Vitamin A toxicity commonly affects the skin, causing reddening, irritation, and patchy peeling. Chronic, excessive supplement use may lead to more severe symptoms, including:

These severe symptoms correspond to lasting effects on bone health and possible liver damage.

A unique symptom of excess beta-carotene consumption, called carotenodermia, causes a yellow or orange coloration of the skin, but this condition is not dangerous.


Excessive consumption of animal food sources, like liver or fish oil, in addition to supplements high in preformed vitamin A, increases the risk of vitamin A toxicity. Many multivitamins contain both preformed vitamin A and provitamin A, so it is important to identify what kinds are present in these supplements. 

Plant-derived beta-carotene, a provitamin A found in carrots, is metabolized differently than preformed vitamin A. It is not found to be responsible for any of the serious symptoms of vitamin A toxicity.

Some medications will affect how the body absorbs vitamin A. Orlistat, a common weight loss medication, decreases the absorption of fat-soluble vitamins (including vitamin A). Patients taking orlistat should also take individual liposomal forms of fat-soluble vitamins (A, D, E, K) to replenish what the medication strips from the body.

Medications called retinoids consist of vitamin A related compounds and are used for treating ailments affecting the skin, blood, and organ lining. These may increase the risk of toxicity when taken together with vitamin A supplements.


If you're diagnosed with chronic vitamin A toxicity based on a blood test, the most important course of action is to reduce vitamin A intake. In cases of a large toxic dose, you should take activated charcoal. If activated charcoal isn’t available and a hospital can’t be reached within an hour, use ipecac to induce vomiting. In case of a vitamin overdose, poison control should always be contacted as soon as possible at 800-222-1222.

B Vitamins

Most of the B vitamins are important for metabolism. It's linked to skin, hair, brain, and muscle health. Fortunately, with the exception of vitamins B3 and B6, you most likely will not experience significant vitamin toxicity with their overuse.

Vitamin B1 (Thiamin)

Vitamin B1, also known as thiamin, is found in beef, pork, whole grains, legumes, nuts, and sunflower seeds. The recommended daily amount for adults is 1.2 mg (milligrams) for men and 1.1 mg for women.

Vitamin B1 is not known to be toxic in high doses.

Vitamin B2 (Riboflavin)

Vitamin B2, also known as riboflavin, is found in dairy, eggs, meat, salmon, whole grains, and leafy green vegetables. The recommended daily amount for adults is 1.3 mg for men and 1.1 mg for women.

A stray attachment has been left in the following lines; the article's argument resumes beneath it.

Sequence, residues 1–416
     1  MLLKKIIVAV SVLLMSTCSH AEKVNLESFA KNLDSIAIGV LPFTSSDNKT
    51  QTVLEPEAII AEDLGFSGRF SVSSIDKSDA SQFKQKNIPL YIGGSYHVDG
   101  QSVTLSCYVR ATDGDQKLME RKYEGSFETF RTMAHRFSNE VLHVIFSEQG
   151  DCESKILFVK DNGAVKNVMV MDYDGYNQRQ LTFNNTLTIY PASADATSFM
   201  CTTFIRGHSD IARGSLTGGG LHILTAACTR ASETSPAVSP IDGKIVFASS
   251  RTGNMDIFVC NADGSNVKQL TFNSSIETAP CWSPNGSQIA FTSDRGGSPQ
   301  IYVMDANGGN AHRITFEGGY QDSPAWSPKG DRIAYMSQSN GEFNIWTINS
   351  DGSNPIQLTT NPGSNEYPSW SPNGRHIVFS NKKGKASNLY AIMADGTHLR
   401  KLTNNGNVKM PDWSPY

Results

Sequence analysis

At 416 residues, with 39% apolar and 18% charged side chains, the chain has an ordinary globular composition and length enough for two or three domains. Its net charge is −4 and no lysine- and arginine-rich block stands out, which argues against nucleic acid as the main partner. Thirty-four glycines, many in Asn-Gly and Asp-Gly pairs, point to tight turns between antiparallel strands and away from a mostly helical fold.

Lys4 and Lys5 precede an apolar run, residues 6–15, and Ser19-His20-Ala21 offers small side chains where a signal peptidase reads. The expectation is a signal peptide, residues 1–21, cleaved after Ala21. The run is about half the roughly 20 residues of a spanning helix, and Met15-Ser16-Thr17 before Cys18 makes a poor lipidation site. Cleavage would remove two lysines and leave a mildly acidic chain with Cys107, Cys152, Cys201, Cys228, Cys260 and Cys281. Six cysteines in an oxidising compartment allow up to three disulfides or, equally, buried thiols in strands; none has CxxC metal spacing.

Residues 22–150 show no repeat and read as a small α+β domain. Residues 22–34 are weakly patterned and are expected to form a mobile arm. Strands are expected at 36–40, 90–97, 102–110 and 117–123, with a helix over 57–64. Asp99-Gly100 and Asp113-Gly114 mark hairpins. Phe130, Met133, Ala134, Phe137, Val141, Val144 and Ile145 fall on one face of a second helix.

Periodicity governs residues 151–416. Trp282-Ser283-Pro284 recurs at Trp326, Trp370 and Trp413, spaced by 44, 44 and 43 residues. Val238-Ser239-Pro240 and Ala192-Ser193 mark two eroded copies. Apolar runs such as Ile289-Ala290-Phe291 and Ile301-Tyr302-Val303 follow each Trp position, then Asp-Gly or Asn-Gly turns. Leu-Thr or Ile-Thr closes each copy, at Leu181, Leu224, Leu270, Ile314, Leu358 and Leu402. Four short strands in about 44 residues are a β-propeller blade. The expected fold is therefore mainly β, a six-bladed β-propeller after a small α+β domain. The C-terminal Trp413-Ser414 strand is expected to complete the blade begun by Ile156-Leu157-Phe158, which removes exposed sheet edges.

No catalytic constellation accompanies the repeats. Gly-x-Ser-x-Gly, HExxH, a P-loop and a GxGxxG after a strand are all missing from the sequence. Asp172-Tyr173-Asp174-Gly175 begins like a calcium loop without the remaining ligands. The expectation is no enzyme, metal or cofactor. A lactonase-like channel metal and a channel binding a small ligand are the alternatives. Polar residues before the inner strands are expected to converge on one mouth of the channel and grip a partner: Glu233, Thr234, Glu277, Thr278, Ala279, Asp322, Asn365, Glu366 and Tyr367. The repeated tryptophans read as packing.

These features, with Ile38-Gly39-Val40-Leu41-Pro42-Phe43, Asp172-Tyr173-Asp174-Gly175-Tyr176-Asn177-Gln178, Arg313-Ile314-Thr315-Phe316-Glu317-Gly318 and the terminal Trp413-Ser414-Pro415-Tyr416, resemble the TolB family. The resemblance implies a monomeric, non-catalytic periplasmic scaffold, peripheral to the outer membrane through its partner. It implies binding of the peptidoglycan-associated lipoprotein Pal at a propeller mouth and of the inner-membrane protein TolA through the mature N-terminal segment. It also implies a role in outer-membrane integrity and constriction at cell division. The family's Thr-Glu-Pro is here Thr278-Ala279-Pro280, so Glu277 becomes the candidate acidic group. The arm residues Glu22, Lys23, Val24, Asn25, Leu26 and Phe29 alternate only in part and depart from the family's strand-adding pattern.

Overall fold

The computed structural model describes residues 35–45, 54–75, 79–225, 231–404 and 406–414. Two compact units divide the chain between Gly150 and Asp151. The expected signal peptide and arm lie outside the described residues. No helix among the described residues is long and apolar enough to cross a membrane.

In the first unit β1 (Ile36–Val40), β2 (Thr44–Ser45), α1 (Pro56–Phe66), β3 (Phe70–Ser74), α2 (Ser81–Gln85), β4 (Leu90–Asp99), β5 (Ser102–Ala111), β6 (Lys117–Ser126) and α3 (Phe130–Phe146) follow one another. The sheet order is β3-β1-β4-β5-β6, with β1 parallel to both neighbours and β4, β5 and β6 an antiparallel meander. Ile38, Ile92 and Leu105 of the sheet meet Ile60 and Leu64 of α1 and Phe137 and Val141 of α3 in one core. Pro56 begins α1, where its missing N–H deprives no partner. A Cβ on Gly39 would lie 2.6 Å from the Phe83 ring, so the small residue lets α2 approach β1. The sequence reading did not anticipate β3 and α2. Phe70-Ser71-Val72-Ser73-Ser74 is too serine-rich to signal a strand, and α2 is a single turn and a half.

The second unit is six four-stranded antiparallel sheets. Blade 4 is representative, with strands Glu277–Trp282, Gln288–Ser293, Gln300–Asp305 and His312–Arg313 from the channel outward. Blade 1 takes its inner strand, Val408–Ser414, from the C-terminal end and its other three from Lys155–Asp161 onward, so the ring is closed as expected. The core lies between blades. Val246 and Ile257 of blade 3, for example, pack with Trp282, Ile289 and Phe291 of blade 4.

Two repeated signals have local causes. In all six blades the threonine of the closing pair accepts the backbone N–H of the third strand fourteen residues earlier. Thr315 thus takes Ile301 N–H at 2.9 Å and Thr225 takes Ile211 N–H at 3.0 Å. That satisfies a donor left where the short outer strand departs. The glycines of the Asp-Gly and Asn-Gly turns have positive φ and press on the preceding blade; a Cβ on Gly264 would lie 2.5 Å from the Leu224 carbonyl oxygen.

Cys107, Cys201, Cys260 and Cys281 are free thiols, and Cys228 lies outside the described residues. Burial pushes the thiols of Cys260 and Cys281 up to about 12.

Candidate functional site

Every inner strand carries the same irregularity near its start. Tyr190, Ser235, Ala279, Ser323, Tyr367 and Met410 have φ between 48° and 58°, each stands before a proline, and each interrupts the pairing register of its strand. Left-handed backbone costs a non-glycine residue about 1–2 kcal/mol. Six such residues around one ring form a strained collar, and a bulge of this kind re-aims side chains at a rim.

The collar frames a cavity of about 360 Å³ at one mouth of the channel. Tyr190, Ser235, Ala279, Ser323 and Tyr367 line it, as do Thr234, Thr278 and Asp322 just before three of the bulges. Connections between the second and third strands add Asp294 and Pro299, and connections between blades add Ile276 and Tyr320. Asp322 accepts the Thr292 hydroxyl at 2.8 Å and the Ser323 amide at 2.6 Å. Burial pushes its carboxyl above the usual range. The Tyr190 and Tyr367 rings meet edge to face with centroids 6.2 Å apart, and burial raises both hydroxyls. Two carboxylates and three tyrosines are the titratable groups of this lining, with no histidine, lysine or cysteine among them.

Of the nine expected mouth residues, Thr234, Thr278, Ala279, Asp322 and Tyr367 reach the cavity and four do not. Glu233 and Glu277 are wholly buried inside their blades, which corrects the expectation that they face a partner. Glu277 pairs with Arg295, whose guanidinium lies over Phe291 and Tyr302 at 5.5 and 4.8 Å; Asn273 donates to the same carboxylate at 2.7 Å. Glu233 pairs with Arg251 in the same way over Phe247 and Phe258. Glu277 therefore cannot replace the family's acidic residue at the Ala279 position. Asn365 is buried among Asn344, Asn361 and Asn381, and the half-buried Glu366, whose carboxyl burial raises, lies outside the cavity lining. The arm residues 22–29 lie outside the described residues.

Vitamin B2 has not been shown to be toxic in high doses.

Vitamin B3 (Niacin)

Vitamin B3, also known as niacin, is found in meat, fish, whole grains, and leafy greens. The recommended daily amount for adults is 16 mg for men and 14 mg for women.

Vitamin B3 is used therapeutically to manage cholesterol. However, people taking it may be at risk of toxicity when taking doses of 50 milligrams (mg) per day or more for a prolonged period of time. Make sure to check your cholesterol levels after 30–60 days of a niacin (B3) protocol.

If you're pregnant, avoid taking too much vitamin B3 since it can cause birth defects.

High onetime doses of vitamin B3 are not known to be toxic. However, B3should not be taken if you have gout as it can increase uric acid levels. And when used in combination with statins, there is a higher risk of myopathy, diseases affecting the muscles controlling voluntary body movements, and rhabdomyolysis, a serious medical condition occurring when damaged muscle tissue releases chemicals into the blood. B3 may also  worsen  peptic ulcer disease.

Early symptoms of vitamin B3 toxicity are sometimes called “niacin flush” because it can dilate blood vessels (vasodilation) and lead to reddening of the skin, itchiness, and burning. While harmless, it is an important indicator of vitamin B3 toxicity. Prolonged overuse of vitamin B3 can cause liver damage, particularly in people with preexisting liver disease.

Vitamin B5 (Pantothenic acid)

Vitamin B5, also known as pantothenic acid, is found in chicken, egg yolks, dairy, whole grains, legumes, mushrooms, kale, cabbage, and broccoli. The recommended daily amount for adults is 5 mg. 

Vitamin B5 has not been shown to be toxic in high doses, but in extreme doses may cause diarrhea.

Vitamin B6

Vitamin B6 is a group of compounds related to pyridoxine, which is found in poultry, pork, fish, whole grains, legumes, and blueberries. The recommended daily amount is 1.3 mg–2 mg for adults.

Supplemental doses over 100 mg per day are not recommended for adults outside of therapeutic applications. Extreme doses of 1,000 mg–6,000 mg taken over an extended period of time can negatively affect the brain, creating neurological symptoms like numbness and tingling in the extremities.